25%
21 years and over
64
41%
16
36%
80
39%
(blank)
2
1%
10
23%
12
6%
Total
158
100%
44
100%
202
100%
Top of page

Q5. On average, how many hours per week do you work in your main private practice?

Overall, 43 per cent or respondents reported working 30 hours or less per week and one third reported working between 31 and 45 hours per week in private practice. Sixteen per cent of respondents reported working 46 or more hours per week.

Of the respondents who worked in both public and private sectors, 18 per cent worked 15 hours or less per week in private practice, 20 per cent worked 16-30 hours per week and 36 per cent worked 46 hours or more. Of those who worked in private practice alone, 43 per cent worked 30 hours or less, 35 per cent worked 31-45 hours per week and 18 per cent worked 46 hours or more.
Private practice
Respondents
Private practice
Per cent
Both public and private
Respondents
Both public and private
Per cent
All respondentsAll respondents
Per cent
1 to 15 hours per week
24
15%
8
18%
32
16%
16 to 30 hours per week
45
28%
9
20%
54
27%
31 to 45 hours per week
55
35%
12
27%
67
33%
46 hours per week
29
18%
4
9%
33
16%
(blank)
5
3%
11
25%
16
8%
Grand total
158
100%
44
100%
202
100%

Q6. Since 1 January 2009 have you claimed for seeing patients with a mental disorder for any of the following MBS item numbers?33

  • 291: Referred patient assessment and management plan
  • 293: Review of management plan
  • 296: Initial consultation on a new a patient – in rooms
  • 297: Initial consultation on a new a patient – in hospital
  • 298: Initial consultation on a new a patient – home visit
Since 1 January 2009, almost 90 per cent of respondents have claimed for seeing patients with a mental disorder. Of those respondents working solely in private practice, 92 per cent had claimed for seeing a patient with a mental disorder, whilst 77 per cent of the respondents working in both private and public practice had claimed for seeing patients with a mental disorder.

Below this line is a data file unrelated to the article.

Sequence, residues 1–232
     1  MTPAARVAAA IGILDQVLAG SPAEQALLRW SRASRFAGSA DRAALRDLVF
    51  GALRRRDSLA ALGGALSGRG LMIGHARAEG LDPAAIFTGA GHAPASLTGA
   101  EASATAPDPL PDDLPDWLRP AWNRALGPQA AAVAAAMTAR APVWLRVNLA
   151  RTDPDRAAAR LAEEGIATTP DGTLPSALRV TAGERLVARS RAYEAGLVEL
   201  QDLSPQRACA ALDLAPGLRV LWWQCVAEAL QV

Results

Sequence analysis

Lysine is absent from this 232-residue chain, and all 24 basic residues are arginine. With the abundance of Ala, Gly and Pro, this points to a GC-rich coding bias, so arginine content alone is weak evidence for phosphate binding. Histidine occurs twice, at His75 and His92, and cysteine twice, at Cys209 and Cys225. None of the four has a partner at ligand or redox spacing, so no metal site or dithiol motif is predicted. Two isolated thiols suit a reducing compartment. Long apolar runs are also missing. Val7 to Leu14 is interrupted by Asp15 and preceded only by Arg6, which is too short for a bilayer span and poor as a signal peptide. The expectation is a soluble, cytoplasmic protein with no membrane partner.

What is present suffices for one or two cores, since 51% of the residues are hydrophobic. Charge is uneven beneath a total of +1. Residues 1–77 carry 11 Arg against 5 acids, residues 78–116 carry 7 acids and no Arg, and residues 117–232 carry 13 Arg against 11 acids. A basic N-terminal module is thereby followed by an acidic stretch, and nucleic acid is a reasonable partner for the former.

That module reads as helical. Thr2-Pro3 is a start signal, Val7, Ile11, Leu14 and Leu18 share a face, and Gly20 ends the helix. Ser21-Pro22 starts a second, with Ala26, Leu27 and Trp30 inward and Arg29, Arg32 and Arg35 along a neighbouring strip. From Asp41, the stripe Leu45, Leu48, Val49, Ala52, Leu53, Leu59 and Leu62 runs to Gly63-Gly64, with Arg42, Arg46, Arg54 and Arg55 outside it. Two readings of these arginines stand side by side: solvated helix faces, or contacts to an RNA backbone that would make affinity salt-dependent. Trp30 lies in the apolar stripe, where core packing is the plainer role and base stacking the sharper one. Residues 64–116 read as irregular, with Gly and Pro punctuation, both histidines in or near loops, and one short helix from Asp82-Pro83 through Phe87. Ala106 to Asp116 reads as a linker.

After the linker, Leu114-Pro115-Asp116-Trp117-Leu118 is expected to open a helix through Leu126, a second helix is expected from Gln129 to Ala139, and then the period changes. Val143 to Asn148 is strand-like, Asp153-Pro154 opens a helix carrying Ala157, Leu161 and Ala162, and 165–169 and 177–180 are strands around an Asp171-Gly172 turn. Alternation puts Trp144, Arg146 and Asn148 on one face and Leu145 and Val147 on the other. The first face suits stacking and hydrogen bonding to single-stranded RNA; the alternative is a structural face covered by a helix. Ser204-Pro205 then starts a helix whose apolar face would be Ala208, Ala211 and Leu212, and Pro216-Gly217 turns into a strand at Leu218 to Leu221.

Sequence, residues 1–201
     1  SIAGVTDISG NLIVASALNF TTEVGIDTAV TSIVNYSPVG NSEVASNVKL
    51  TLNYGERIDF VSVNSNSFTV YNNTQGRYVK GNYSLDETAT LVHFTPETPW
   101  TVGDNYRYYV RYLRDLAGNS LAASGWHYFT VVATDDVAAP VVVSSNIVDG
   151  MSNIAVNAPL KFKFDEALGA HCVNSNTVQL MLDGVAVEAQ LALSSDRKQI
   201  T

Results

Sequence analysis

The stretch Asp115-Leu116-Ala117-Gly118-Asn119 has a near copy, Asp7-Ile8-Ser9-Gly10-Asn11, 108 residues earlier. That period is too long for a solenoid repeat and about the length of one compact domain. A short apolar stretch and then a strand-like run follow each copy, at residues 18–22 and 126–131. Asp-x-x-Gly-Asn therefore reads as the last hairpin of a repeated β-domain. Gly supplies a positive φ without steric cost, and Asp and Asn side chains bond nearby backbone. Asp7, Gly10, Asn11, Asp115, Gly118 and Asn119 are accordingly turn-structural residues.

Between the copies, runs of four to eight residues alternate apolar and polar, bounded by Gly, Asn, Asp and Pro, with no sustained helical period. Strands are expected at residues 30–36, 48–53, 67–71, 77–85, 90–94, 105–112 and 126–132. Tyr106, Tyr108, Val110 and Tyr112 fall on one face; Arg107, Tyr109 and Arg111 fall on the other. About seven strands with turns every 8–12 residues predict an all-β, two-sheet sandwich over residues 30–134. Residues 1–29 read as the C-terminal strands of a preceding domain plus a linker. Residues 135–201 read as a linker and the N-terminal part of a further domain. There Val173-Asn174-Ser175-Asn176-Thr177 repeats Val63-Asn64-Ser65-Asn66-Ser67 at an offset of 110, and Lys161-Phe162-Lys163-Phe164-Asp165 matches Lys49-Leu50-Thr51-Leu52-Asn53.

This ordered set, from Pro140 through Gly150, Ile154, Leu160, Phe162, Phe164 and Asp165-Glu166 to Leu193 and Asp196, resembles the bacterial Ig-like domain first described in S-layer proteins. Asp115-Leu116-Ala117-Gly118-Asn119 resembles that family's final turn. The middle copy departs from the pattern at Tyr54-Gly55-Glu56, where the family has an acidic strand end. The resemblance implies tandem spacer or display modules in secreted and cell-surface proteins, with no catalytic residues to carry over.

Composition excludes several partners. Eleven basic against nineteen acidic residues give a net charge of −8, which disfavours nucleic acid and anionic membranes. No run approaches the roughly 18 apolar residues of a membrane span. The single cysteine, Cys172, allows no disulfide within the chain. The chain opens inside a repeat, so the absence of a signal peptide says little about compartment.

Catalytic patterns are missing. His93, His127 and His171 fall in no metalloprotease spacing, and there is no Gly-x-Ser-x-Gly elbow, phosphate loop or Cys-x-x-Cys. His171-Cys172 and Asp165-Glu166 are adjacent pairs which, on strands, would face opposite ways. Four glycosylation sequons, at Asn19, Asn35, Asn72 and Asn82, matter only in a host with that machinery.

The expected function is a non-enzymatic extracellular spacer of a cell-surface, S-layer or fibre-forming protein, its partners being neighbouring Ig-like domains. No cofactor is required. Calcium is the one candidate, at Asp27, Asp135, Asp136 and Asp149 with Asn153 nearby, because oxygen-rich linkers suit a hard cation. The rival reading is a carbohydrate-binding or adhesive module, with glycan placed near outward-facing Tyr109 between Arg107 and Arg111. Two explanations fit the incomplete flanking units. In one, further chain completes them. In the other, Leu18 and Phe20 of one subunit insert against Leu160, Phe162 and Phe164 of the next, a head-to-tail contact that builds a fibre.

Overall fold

Private practice
Respondents
Private practice
Per cent
Both public and private
Respondents
Both public and private
Per cent
All respondentsAll respondents
Per cent
No
6
4%
1
2%
7
3%
Yes
145
92%
34
77%
179
89%
(blank)
7
4%
9
20%
16
8%
Total
158
100%
44
100%
202
100%

Q6a. Since 1 January 2009, how many patients have you referred to GPs/ psychiatrists/paediatricians through the Better Access initiative?34

Since 1 January 2009, 38 per cent of respondents reported referring 20 or fewer patients to GPs, psychiatrists or paediatricians through the Better Access Initiative and two thirds reported making 21 or more referrals.

Of those respondents working solely in private practice, 62 per cent reported referring 21 or more patients and 29 per cent reported 51 or more. Respondents working in public and private practice made fewer referrals, with more than half reporting that they had made 21 or more referrals and 21 per cent reporting that they had made 51 or more referrals.Top of page
Private practice
Respondents
Private practice
Per cent
Both public and private
Respondents
Both public and private
Per cent
All respondentsAll respondents
Per cent
1 to 10 patients
17
11%
7
21%
24
13%
11 to 20 patients
37
26%
7
21%
44
25%
21 to 50 patients
48
33%
12
35%
60
34%
51 to 100 patients
28
19%
3
9%
31
17%
101 plus patients
15
10%
4
12%
19
11%
(blank)
0
0%
1
3%
1
0%
Total
145
100%
34
100%
179
100%

Q7. Who do you refer patients to for treatment of their mental disorder?